Coastal Community Adaptation Project

Coastal Community Adaptation Project

Pacific Island countries, some of which rise just a few meters above sea level, comprise one of the most vulnerable regions in the world to climate change. The nature-based livelihoods and diverse cultures of these island nations are being challenged, and in some cases overwhelmed, by rising sea levels, air and ocean temperatures, acidification, and shifting rainfall and storm patterns - effects of climate change that are projected to worsen over the next 100 years.

OVERVIEW
Through C-CAP, USAID supports local-level climate change interventions in nine Pacific Island countries:, Fiji, Kiribati, Nauru, Papua New Guinea (PNG), Samoa, Solomon Islands, Tonga, Tuvalu, and Vanuatu. In 77 communities in these countries, USAID is working to increase local knowledge and adaptive capacity through community-based training. When applied, these forward-looking interventions will increase the resilience of Pacific Island coastal communities to the projected impacts of climate change.

Rehabilitating and constructing new, small-scale community infrastructure
C-CAP is leading coastal communities through a participatory process to: identify current and projected climate change impacts; map existing community infrastructure assets; prioritize infrastructure-related adaptation needs; and implement infrastructure adaptations designed to structurally withstand the impacts of climate change and functionally increase community resilience to climate change. Through risk mapping and vulnerability assessment activities, communities develop awareness of climate change adaptation issues and approaches and acquire fundamental decision-making skills, setting them on a course to proactively manage their climate change risks and adaptation interventions beyond the duration of the project.

Building capacity for community engagement for disaster prevention and preparedness
USAID is helping coastal communities build upon their existing and traditional disaster management approaches and adopt new strategies intended to mitigate risks presented by the region’s new and predicted climate reality. New risk management strategies may involve implementation of disaster drills and other risk mitigation exercises, as well as building of networks that link communities to national and regional disaster management services.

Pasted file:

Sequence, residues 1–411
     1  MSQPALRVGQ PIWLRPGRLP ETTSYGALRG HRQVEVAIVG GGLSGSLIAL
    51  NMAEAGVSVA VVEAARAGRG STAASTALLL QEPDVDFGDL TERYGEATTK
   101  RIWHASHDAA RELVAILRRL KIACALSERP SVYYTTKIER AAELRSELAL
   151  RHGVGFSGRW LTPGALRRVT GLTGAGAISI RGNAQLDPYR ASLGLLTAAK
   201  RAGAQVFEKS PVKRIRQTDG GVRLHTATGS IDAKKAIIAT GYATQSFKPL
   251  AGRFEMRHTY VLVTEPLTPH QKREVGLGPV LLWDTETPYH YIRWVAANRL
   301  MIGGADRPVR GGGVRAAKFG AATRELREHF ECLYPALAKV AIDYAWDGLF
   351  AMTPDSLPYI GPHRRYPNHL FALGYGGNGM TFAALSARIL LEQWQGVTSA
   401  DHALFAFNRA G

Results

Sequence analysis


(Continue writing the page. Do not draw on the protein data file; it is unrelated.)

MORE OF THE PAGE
IMPLEMENTATION PROGRESS AND ACCOMPLISHMENTS
As C-CAP nears completion of its third year, USAID has implemented risk identification, capacity building, infrastructure adaptation, and disaster preparedness in 77 communities across Fiji (10), PNG (10), Samoa (10), Tonga (10), Vanuatu (10), Kiribati (5), Tuvalu (2), and Solomon Islands (10). In Nauru, C-CAP is working with the national government to provide an island-wide water management project.

C-CAP’s decision support tool for adaptation of community assets- the Infrastructure Prioritization Index (IPI) - is positioning communities to methodically analyze asset vulnerability to climate change and identify their highest-priority infrastructure needs for adaptation. By using the tool, the majority of communities have already agreed upon their priority adaptation infrastructure interventions, which include drainage and flood control system upgrades, rainwater catchment system improvements, cyclone-proofing of community buildings, and coastal protection and erosion control projects. The design, tendering and construction of identified activities is well underway, and many communities have already completed their infrastructure projects. By the end of the project, all 77 communities will take ownership of this decision-support tool and be able to continue using it as their adaptation needs evolve.

As the C-CAP team completes infrastructure adaptation projects and disaster preparedness and response plans across its partner communities, USAID is expanding the reach and use of C-CAP’s cutting-edge adaptation resources and tools across nine Pacific Island countries to make them more resilient to the adverse impacts of climate change.

Last updated: February 12, 2016

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